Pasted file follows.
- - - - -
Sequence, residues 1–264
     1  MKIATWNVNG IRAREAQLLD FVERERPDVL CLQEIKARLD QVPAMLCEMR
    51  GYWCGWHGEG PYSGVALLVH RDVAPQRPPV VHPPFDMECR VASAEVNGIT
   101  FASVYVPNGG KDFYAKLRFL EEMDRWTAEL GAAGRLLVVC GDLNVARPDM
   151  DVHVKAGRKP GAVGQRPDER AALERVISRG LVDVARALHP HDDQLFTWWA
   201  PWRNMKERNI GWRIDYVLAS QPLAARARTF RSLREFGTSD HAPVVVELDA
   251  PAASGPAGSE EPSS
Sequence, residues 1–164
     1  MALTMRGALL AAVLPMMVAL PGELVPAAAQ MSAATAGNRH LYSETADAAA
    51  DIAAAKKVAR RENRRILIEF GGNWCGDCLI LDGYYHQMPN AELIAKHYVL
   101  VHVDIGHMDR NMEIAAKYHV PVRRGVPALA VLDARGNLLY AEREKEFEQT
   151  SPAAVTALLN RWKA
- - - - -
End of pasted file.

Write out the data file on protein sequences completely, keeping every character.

Sequence, residues 1–264
     1  MKIATWNVNG IRAREAQLLD FVERERPDVL CLQEIKARLD QVPAMLCEMR
    51  GYWCGWHGEG PYSGVALLVH RDVAPQRPPV VHPPFDMECR VASAEVNGIT
   101  FASVYVPNGG KDFYAKLRFL EEMDRWTAEL GAAGRLLVVC GDLNVARPDM
   151  DVHVKAGRKP GAVGQRPDER AALERVISRG LVDVARALHP HDDQLFTWWA
   201  PWRNMKERNI GWRIDYVLAS QPLAARARTF RSLREFGTSD HAPVVVELDA
   251  PAASGPAGSE EPSS
Sequence, residues 1–164
     1  MALTMRGALL AAVLPMMVAL PGELVPAAAQ MSAATAGNRH LYSETADAAA
    51  DIAAAKKVAR RENRRILIEF GGNWCGDCLI LDGYYHQMPN AELIAKHYVL
   101  VHVDIGHMDR NMEIAAKYHV PVRRGVPALA VLDARGNLLY AEREKEFEQT
   151  SPAAVTALLN RWKA